Derounian is also notable for editing the manifesto of Armenia's first Prime Minister, Hovhannes Kajaznuni.
He was born to Boghos Derounian and Eliza Aprahamian in Dedeagach, Adrianople Vilayet, Ottoman Empire (today Alexandroupoli, Greece). The Balkan Wars and First World War had an unsettling effect on the entire region, and his hometown repeatedly changed hands. The family moved several times, spending time in Turkey and Sofia, Bulgaria, where his brother Steven Derounian (who later became a Republican Representative) was born. Eventually the family emigrated to the United States, settling in Mineola, New York. He went on to study at New York University's School of Journalism. Later, he married Marie Nazarian and had a daughter named Elyse and a son named Robert.
He died of a heart attack on April 23, 1991, while researching at the library of the American Jewish Committee on East 56th Street.
In 1933, Archbishop Leon Tourian was brutally assassinated at the altar of his New York church. The assassins were members of the Dashnaks, a radical Armenian group who accused the Archbishop of treason to the Armenian national cause. Deeply shocked, Derounian spent the rest of his life opposing the Dashnaks as well as other violent radicals - in particular, fighting fascism and all forms of racism.
During the 1948 Israeli-Arab War, Derounian also infiltrated among the Arabs fighting the newborn Israel, travelling extensively in the Arab parts of the expiring Mandatory Palestine as well as in Egypt and Syria. He took a highly partisan position on the Israeli-Arab Conflict, stating at the conclusion of his book "Cairo to Damascus" that "In the simplest of terms, Israel, as I saw it, represented Good; the Arab world represented Evil".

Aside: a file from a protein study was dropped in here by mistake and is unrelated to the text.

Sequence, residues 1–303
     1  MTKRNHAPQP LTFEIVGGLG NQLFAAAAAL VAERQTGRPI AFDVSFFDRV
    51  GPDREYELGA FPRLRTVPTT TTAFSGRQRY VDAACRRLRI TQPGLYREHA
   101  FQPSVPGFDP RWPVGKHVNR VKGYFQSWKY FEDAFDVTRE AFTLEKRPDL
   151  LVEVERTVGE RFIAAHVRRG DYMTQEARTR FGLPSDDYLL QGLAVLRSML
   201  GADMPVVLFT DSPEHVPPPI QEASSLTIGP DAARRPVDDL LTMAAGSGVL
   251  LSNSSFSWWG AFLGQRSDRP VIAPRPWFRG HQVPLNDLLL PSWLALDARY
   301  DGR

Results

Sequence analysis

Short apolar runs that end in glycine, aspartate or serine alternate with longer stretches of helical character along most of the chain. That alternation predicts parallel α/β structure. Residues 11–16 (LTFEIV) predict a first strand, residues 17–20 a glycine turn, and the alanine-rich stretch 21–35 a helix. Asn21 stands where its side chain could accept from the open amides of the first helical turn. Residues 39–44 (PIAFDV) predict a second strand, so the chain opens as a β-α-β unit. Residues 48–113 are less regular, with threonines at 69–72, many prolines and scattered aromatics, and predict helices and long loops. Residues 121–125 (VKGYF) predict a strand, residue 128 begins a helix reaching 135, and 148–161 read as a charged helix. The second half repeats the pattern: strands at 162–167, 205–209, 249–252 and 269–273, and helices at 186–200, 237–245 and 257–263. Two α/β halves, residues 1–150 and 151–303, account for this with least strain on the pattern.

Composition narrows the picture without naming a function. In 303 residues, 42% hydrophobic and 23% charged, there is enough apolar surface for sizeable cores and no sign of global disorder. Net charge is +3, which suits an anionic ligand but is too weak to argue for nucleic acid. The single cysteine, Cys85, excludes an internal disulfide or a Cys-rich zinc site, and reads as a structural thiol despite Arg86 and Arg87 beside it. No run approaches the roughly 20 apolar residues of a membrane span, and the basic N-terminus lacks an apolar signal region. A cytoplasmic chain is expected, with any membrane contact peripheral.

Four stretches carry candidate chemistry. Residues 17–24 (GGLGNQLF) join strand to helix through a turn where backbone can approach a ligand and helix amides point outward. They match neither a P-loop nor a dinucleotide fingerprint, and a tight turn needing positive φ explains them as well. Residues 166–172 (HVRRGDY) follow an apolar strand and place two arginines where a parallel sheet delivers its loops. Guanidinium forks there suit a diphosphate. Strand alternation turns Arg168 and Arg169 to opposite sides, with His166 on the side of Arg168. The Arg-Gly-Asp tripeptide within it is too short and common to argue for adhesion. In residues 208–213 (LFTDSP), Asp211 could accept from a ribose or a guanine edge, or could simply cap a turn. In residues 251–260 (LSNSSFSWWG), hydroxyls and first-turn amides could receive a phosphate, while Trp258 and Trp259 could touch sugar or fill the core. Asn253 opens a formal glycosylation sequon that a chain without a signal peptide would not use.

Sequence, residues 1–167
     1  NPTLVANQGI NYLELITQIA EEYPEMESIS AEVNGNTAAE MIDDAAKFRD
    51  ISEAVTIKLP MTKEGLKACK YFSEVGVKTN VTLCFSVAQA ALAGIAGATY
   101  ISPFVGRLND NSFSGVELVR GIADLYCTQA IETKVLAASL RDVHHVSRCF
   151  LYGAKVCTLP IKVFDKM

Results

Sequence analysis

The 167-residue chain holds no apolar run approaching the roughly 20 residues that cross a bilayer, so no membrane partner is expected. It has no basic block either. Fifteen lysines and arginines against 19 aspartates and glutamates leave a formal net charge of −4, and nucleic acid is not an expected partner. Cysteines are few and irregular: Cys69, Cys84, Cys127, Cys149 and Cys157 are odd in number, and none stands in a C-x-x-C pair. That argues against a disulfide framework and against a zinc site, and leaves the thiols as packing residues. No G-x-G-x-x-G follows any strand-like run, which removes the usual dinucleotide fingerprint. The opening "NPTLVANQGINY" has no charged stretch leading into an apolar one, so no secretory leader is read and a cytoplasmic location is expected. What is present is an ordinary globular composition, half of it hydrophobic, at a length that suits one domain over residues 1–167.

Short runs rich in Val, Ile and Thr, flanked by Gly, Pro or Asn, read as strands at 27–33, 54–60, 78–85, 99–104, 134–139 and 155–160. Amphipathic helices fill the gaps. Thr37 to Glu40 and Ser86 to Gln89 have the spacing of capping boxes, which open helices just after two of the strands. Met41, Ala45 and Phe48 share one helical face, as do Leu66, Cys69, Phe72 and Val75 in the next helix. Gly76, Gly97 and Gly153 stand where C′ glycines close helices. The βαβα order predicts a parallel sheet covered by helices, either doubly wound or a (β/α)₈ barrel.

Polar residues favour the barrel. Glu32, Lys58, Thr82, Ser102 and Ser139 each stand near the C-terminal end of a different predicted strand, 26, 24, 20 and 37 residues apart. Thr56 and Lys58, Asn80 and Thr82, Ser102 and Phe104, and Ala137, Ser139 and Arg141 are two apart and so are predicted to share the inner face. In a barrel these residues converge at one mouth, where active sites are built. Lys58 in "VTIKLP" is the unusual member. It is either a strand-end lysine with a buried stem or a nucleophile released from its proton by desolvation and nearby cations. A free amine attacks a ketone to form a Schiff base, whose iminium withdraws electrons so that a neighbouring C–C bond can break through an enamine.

"Under Cover: My Four Years in the Nazi Underworld of America - The Amazing Revelation of How Axis Agents and Our Enemies Within Are Now Plotting To Destroy the United States" became a best seller when published in 1943.
Derounian was a tireless investigator of subversive activity, and infiltrated numerous "patriotic" groups, some of which he listed in the opening of his book Under Cover: German American Bund, Christian Front, American Nationalist Party, American Women Against Communism, The Gray Shirts, America First Committee, Christian Mobilizers, The American Defense Society, Anglo-Saxon Federation of America, National Workers League, Yankee Freemen, Flanders Hall, American Patriots among many others.
Among the groups he also helped expose was the international Nazi propaganda news agency World-Service.
He was also the chief investigator of the anti-fascist organization, Friends of Democracy.
In a speech Representative Arthur G. Klein attempted to give in the US House in 1944 and which was printed in The Nation, Klein praises Derounian's book Under Cover:
They (Americans) fail to understand, for instance, the reasons for and the character of the attack on John Roy Carlson, whose book, Under Cover has opened the eyes of so many to the existence of subversive propaganda and propagandists in our own midst. They are puzzled that the broad and profound values of the book should be overlooked and thrust aside because of trivialities.....For the issues that are treated in the book, the revelations that are made, and their high average of accuracy are far too important for light dismissal.
Lawsuits related to Under Cover
This expose made him enemies, and several parties instituted actions against him for alleged libelous material. Three of the four cases failed the consolidated case before the jury, leaving a verdict in favor only of lawyer Jeremiah Stokes, which was later overturned. The lawsuit claimed that Derounian had held Stokes up for ridicule. Stokes is first mentioned on page 365 of Under Cover, and his patriotism questioned in the next chapter, which begins:
I was in the room alone with two men. The one who had pumped both my hands in welcome was a small round man with a bald dome and rotund face. He had small, beady eyes and he peered at you from behind rimmed glasses. He was definitely of the single-track, uncompromising zealot type. Jeremiah Stokes had let his law practice slide and was devoting the major portion of his time to the writing of "patriotic" tracts.
Derounian appealed; the appellate court reversed the district court and remanded the matter, stating in the overview: